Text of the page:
CRPS Clinical Features & Pathophysiology

I frequently talk about the importance of understanding pain and the underlying condition. This is primarily because one can cope better and deal with the situation more effectively when there is a meaning and an insight into what is happening. A neat study back in 2004 by Lorimer Moseley demonstrated how a physical test could change following an education session regarding pain. This means that altering someone’s understanding can affect the way that they move, illustrating the ‘power of the word’. Clearly the ‘word’ must be digested and felt to be relevant, so in providing education it must be poignant and have meaning for the recipient.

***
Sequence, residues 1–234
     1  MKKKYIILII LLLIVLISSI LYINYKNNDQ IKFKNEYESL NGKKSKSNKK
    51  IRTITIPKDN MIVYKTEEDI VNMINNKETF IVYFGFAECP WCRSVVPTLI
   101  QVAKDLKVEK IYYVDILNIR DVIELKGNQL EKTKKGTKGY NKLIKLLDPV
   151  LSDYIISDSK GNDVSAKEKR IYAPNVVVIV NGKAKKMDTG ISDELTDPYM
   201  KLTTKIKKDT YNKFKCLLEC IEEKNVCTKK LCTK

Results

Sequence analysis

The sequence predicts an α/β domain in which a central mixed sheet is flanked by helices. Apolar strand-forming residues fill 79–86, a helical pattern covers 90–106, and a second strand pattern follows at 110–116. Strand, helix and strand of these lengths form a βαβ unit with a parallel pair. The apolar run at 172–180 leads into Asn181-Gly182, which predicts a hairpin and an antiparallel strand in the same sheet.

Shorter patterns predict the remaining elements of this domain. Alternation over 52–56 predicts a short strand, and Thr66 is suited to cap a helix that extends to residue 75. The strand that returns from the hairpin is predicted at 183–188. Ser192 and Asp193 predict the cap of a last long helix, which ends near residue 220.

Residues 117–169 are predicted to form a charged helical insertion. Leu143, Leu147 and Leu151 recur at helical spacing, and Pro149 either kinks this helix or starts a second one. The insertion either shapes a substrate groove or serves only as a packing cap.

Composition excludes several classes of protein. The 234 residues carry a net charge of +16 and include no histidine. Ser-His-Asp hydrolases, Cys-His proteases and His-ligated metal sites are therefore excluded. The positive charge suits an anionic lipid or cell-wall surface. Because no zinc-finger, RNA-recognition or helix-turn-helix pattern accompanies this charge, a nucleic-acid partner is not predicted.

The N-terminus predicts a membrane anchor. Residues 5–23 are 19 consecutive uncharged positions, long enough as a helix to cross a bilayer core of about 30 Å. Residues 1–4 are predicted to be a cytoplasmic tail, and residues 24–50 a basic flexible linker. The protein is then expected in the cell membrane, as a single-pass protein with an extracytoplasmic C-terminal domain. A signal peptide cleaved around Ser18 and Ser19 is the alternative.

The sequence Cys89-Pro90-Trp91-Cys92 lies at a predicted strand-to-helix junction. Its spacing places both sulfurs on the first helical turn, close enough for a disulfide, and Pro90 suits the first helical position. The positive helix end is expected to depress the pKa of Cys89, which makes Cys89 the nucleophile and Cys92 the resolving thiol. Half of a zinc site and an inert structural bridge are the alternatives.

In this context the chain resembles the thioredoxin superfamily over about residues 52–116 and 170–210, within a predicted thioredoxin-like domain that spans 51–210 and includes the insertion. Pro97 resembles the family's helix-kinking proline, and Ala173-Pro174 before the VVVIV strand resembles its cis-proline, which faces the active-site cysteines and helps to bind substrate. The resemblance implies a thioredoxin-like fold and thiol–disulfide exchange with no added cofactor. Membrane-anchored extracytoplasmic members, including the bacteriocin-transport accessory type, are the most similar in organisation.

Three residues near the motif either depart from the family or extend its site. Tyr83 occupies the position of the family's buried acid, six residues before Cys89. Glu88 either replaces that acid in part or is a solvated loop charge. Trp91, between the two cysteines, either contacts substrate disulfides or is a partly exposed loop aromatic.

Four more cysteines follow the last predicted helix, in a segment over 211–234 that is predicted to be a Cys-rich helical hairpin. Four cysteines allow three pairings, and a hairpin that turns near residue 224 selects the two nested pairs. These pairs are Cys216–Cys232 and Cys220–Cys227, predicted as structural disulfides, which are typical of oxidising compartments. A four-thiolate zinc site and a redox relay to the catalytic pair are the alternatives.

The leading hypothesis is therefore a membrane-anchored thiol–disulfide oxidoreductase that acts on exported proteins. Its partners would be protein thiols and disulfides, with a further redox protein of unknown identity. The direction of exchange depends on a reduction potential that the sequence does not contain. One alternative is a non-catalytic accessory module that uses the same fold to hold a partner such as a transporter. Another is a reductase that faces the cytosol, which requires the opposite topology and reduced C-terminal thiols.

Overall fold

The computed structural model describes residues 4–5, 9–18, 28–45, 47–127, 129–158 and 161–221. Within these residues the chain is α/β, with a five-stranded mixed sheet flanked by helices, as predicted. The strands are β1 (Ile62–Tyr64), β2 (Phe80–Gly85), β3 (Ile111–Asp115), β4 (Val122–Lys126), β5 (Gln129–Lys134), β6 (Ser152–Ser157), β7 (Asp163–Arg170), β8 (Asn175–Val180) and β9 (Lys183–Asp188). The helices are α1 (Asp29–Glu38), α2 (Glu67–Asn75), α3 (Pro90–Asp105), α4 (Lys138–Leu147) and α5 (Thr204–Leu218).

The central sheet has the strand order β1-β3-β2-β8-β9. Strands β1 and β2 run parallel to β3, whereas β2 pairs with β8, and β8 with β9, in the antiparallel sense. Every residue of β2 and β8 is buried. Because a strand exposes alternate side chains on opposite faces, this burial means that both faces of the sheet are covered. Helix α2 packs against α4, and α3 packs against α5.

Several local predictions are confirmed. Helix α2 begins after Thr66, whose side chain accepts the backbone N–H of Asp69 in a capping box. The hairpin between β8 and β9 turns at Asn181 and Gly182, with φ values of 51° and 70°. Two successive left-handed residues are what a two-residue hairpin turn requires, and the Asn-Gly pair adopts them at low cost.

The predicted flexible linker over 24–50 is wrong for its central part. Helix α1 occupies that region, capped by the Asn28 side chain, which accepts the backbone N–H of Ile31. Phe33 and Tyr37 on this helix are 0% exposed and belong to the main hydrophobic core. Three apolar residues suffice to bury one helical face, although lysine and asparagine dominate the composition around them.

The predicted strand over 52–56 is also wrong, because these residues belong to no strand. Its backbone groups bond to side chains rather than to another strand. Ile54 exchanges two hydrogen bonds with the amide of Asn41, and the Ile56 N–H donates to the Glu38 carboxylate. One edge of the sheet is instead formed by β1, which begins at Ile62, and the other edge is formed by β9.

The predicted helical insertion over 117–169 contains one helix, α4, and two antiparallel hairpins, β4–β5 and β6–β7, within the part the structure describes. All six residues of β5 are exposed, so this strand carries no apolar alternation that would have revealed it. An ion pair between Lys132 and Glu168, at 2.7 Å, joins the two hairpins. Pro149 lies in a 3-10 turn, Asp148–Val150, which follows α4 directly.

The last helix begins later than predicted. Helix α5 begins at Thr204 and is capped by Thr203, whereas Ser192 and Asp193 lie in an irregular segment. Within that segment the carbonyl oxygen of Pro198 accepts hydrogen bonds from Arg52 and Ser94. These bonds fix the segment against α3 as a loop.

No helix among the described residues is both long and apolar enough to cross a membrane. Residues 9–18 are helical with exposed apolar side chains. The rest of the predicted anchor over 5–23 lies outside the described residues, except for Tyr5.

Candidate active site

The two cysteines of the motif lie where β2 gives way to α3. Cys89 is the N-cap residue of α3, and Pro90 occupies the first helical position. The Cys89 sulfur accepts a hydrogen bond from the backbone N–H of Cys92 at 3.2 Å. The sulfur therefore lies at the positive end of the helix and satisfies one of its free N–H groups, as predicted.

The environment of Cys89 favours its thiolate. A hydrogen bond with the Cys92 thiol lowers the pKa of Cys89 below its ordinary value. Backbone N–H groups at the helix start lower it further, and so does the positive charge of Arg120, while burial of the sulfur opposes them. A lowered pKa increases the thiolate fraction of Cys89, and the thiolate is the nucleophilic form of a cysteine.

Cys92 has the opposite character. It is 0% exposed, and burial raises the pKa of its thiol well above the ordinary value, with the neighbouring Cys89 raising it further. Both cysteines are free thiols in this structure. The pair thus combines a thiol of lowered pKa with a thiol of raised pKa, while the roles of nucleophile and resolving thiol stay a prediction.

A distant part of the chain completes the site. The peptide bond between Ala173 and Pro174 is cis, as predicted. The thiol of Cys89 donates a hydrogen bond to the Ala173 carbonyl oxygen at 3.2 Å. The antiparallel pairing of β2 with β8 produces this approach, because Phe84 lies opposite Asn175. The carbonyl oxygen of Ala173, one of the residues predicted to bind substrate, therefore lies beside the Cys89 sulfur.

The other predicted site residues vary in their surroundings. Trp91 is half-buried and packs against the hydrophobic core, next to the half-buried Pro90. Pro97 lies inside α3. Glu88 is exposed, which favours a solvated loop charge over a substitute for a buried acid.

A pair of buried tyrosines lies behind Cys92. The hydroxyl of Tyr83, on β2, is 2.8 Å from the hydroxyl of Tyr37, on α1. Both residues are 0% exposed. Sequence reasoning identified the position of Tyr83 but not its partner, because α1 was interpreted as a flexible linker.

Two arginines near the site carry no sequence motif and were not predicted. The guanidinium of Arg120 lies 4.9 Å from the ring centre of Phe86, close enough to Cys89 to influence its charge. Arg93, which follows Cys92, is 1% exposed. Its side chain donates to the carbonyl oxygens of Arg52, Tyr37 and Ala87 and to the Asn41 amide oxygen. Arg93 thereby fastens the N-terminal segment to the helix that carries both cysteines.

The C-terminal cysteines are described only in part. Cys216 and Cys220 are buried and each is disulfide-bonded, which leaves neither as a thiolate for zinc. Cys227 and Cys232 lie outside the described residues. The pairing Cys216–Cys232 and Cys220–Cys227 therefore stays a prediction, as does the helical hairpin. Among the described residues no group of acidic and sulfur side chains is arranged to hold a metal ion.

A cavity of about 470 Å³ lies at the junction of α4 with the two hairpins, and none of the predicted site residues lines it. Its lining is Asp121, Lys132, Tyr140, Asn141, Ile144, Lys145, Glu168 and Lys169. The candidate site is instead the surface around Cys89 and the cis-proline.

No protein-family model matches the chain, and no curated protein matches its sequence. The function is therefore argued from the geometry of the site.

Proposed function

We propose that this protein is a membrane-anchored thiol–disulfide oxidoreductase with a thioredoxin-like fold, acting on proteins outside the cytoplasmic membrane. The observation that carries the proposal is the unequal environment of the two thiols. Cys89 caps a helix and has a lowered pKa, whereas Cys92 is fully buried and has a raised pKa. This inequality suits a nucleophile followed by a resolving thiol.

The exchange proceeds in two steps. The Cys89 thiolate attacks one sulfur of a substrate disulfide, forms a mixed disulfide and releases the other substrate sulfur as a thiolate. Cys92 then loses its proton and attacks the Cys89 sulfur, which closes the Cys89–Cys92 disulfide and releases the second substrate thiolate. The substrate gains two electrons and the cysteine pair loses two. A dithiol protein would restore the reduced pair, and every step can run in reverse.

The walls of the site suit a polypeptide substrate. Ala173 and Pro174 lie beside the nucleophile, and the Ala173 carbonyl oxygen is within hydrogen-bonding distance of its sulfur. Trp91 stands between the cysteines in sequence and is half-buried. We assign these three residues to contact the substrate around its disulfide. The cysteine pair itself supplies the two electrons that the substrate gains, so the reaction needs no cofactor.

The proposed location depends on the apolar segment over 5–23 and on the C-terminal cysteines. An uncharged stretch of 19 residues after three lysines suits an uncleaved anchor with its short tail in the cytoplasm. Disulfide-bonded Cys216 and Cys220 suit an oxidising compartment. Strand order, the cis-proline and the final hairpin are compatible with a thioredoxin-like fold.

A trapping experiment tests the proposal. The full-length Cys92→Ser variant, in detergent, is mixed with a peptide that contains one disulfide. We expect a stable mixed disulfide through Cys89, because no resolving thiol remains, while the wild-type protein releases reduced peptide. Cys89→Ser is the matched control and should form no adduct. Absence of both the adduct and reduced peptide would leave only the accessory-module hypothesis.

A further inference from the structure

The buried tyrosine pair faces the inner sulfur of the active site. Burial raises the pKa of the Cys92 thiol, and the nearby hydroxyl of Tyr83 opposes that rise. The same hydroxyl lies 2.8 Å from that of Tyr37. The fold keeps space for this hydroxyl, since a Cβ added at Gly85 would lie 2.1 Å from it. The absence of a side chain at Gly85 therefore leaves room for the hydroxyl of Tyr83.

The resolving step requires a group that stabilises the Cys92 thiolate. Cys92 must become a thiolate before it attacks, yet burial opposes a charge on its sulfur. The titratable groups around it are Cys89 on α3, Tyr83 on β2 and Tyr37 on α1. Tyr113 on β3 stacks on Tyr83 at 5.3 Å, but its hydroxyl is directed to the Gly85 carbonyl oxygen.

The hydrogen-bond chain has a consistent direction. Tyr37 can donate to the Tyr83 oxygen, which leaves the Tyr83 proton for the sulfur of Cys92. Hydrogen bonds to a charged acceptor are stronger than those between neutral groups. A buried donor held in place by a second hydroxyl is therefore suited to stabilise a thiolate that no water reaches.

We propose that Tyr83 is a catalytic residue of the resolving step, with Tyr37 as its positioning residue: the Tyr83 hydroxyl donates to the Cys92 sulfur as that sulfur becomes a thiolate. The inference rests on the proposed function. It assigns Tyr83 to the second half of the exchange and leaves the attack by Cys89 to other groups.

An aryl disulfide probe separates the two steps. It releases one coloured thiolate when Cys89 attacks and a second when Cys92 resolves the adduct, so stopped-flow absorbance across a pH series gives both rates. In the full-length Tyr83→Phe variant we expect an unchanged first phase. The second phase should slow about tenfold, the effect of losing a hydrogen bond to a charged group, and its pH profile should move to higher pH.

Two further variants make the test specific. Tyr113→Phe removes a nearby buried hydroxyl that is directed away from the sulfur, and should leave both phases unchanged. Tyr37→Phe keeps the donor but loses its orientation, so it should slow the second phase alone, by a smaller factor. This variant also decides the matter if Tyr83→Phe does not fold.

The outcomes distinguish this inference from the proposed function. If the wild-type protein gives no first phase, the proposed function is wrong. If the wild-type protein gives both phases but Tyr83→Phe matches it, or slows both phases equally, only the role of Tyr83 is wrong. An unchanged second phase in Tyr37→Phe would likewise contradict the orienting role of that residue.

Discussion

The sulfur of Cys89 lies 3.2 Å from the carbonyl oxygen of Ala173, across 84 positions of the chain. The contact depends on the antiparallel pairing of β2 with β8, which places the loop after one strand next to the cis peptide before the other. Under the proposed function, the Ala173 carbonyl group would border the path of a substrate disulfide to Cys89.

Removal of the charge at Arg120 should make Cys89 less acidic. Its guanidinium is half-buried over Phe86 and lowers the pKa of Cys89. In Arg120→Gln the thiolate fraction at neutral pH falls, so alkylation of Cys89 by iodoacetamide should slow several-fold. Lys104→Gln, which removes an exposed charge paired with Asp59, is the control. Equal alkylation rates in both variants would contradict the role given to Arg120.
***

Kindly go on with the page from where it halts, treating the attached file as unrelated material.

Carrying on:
The important point is simply that to understand is to reduce fear and anxiety, and in particular in relation to movement in chronic pain cases. To fear movement will lead to a change in the way that it is both planned and executed. The amygdala that processes fear, communicates with the motor centres thereby affecting movement.

This recent paper is an update on the pathophysiology underpinning CRPS. It was published in The Lancet and so aimed at healthcare professionals, however I believe that anyone can tuck into this really good review. If there is anything that you don’t understand, just ask…


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